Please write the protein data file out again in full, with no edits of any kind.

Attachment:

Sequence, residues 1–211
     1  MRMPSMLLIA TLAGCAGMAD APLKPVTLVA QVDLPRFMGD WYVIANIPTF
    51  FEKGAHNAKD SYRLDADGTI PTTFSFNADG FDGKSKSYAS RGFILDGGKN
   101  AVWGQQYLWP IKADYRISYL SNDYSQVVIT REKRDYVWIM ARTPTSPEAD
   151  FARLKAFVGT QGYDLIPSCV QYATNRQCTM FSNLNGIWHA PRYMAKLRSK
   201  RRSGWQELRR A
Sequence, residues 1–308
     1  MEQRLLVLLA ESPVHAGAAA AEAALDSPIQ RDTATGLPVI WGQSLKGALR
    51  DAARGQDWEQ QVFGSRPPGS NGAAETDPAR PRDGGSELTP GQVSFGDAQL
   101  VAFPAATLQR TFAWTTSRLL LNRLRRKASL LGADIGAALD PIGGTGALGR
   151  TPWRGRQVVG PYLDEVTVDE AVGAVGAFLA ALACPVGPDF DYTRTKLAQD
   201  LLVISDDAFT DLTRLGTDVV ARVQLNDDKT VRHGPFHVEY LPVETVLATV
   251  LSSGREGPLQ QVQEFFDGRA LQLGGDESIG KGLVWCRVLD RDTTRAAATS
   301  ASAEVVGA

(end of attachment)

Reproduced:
Sequence, residues 1–211
     1  MRMPSMLLIA TLAGCAGMAD APLKPVTLVA QVDLPRFMGD WYVIANIPTF
    51  FEKGAHNAKD SYRLDADGTI PTTFSFNADG FDGKSKSYAS RGFILDGGKN
   101  AVWGQQYLWP IKADYRISYL SNDYSQVVIT REKRDYVWIM ARTPTSPEAD
   151  FARLKAFVGT QGYDLIPSCV QYATNRQCTM FSNLNGIWHA PRYMAKLRSK
   201  RRSGWQELRR A
Sequence, residues 1–308
     1  MEQRLLVLLA ESPVHAGAAA AEAALDSPIQ RDTATGLPVI WGQSLKGALR
    51  DAARGQDWEQ QVFGSRPPGS NGAAETDPAR PRDGGSELTP GQVSFGDAQL
   101  VAFPAATLQR TFAWTTSRLL LNRLRRKASL LGADIGAALD PIGGTGALGR
   151  TPWRGRQVVG PYLDEVTVDE AVGAVGAFLA ALACPVGPDF DYTRTKLAQD
   201  LLVISDDAFT DLTRLGTDVV ARVQLNDDKT VRHGPFHVEY LPVETVLATV
   251  LSSGREGPLQ QVQEFFDGRA LQLGGDESIG KGLVWCRVLD RDTTRAAATS
   301  ASAEVVGA